3. I’ll give you a recent photo that really moved me. I’m in Argentina right now, and I was taking a coffee break at a Buenos Aires Starbucks. I was about to head back out to work, when I saw a woman sitting alone. I normally only approach people on the street, but something told me to ask her for an interview. I think the power of the story is self-evident. As opposed to being a unique case, it’s representative of what happens to me every day. I’m constantly being amazed by the lives and narratives of randomly chosen people.

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To read this woman’s story and see Brandon’s other work, go to


Films That Show Heroic Journalism in Action

Since the press has been so in the news, we thought it would be worth looking back at some of the biggest stories that the mainstream press broke, even when they were told there was no story to uncover. It’s worth remembering at this time.

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“All The President’s Men” 

Robert Redford and Dustin Hoffman play Bob Woodward and Carl Bernstein, The Washington Post’s intrepid reporters who uncovered the Watergate scandal and toppled President Nixon.

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The 2016 Best Picture winner at the Oscars, “Spotlight” follows the tenacious Boston Globe reporters who exposed a decades-long cover-up of child abuse allegations within the Catholic Church.


Sandra Day O’Connor’s Gift to the Next Generation

Ask anyone about Sandra Day O’Connor and they’re likely to recall her as the first woman to serve on the Supreme Court. But since her retirement in 2006, the former associate justice has added a new title to her name: video game creator.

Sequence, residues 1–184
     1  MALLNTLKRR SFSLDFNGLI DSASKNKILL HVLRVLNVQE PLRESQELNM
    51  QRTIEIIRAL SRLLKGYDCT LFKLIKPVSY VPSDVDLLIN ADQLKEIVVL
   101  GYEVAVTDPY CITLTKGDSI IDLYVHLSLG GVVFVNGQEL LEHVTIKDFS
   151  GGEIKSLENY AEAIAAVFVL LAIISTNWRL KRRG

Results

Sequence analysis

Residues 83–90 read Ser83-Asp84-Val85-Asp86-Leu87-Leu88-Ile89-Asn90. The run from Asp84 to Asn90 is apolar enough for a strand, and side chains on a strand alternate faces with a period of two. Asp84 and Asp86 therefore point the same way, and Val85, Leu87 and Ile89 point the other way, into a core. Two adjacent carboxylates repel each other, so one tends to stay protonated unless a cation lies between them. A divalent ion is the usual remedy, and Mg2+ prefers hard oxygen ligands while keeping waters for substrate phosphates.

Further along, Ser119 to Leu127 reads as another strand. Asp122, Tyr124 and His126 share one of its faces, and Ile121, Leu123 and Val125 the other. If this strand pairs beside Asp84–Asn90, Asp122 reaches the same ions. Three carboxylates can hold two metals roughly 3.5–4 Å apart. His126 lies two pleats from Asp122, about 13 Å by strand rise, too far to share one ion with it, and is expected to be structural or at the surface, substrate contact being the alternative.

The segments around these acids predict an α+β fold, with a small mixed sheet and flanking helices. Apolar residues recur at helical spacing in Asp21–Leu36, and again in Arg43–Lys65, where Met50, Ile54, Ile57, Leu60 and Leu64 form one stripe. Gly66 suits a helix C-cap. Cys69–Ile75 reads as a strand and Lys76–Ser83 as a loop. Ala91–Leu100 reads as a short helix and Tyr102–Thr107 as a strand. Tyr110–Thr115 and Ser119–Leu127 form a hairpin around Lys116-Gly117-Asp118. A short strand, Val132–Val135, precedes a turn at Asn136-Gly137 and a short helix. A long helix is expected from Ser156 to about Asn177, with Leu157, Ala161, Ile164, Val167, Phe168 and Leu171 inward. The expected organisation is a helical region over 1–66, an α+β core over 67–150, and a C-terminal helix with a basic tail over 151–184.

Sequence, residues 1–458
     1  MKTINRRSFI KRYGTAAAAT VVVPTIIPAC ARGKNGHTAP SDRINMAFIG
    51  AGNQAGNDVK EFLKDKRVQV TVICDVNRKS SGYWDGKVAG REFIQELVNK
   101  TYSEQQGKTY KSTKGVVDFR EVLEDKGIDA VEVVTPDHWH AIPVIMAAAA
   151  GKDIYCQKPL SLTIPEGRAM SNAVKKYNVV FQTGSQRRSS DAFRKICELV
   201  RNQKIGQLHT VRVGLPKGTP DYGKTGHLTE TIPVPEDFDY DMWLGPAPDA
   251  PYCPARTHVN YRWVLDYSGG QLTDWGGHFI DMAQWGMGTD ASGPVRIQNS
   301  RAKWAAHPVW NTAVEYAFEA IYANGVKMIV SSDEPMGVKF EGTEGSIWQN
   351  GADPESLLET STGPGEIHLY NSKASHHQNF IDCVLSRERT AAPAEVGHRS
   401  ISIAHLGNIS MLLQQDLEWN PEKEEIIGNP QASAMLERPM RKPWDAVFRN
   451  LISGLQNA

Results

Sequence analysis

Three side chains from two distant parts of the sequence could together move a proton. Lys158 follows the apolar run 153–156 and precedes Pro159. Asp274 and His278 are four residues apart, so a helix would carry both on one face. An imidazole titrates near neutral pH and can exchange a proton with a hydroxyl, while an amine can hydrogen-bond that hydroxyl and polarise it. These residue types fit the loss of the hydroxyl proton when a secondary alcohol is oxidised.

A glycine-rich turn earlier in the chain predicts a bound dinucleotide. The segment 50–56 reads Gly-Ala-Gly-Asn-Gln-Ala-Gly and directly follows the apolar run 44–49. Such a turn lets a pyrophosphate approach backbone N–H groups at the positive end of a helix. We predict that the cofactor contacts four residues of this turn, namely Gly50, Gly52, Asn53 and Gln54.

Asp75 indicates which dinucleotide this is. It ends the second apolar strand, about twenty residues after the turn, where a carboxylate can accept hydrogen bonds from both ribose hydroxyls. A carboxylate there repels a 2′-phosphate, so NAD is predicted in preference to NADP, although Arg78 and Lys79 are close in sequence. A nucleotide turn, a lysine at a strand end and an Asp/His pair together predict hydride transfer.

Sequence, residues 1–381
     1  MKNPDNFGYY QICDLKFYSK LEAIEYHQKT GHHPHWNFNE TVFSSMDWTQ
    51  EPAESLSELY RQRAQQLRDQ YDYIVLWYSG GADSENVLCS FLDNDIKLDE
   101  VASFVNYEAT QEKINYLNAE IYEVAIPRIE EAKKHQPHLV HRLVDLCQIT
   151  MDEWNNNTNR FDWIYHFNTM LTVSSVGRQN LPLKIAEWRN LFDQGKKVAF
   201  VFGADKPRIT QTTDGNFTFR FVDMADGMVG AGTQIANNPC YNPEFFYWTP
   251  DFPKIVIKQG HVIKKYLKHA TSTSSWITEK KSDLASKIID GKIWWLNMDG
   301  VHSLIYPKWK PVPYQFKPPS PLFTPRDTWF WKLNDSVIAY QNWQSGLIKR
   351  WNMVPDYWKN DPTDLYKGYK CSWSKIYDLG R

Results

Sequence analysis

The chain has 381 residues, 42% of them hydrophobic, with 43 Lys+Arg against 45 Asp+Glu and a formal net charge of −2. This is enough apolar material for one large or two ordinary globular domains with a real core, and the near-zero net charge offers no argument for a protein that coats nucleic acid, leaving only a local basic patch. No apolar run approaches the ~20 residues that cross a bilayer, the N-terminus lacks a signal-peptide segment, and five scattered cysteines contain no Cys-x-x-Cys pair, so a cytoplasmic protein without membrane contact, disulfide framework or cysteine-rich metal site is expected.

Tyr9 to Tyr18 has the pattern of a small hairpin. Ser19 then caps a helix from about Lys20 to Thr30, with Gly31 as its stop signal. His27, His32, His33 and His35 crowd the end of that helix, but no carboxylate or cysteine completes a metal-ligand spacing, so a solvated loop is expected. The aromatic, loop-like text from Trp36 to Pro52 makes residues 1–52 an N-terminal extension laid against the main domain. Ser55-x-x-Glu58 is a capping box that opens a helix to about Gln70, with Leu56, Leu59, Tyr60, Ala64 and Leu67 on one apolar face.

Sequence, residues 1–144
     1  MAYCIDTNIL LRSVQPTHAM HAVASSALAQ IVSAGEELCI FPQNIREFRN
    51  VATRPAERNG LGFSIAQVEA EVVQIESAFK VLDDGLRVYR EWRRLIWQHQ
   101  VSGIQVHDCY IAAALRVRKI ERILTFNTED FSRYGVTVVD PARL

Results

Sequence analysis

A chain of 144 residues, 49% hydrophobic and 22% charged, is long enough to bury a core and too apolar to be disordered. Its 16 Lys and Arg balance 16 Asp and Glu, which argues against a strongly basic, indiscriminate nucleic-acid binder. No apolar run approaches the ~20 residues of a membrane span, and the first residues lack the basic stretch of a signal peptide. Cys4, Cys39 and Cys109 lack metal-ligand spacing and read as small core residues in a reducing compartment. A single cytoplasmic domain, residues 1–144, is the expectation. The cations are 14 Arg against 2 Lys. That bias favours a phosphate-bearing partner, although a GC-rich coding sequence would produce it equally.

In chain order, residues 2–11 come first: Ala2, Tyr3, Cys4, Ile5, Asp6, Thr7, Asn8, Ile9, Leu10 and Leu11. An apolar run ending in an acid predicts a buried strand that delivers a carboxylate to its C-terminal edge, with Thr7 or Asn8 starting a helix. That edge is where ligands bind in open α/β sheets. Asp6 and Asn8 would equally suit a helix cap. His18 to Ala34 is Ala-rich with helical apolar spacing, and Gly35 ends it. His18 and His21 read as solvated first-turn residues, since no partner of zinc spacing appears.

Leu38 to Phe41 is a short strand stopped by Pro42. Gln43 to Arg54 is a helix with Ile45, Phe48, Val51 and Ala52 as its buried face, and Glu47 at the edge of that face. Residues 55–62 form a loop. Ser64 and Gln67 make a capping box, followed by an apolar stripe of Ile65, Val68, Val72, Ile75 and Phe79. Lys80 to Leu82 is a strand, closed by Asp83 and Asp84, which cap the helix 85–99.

O’Connor is the founder of iCivics, a series of free-to-play video games that teach kids about civics, the U.S. Constitution and how government works. Each year, over 4 million students benefit from O’Connor’s creation, which she says is the most important part of her legacy.

PLAY: Check out the iCivics games with your children at

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“The practice of democracy is not passed down through the gene pool. It must be taught and learned anew by each generation of citizens.”
– Justice Sandra Day O’Connor


Every person who wants to become a United States citizen must first pass a civics test as part of their naturalization interview. The civics test quizzes their knowledge of basic facts about U.S. history and government. These are facts any citizen should know, but how many of us would pass this test ourselves? Below are a few sample questions to test your own knowledge. (Answers are at the end.)

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1.) The Constitution;
2.) 27;
3.) Checks and balances, or separation of powers


On this 3-day weekend, we share with you this photo from Colleen Sharkey, who sent in her favorite Sunday space in New Smyrna Beach, FL (which she calls the best-kept secret in the state).

We want to see where you spend your Sundays reading the Sunday Paper. Email your photos to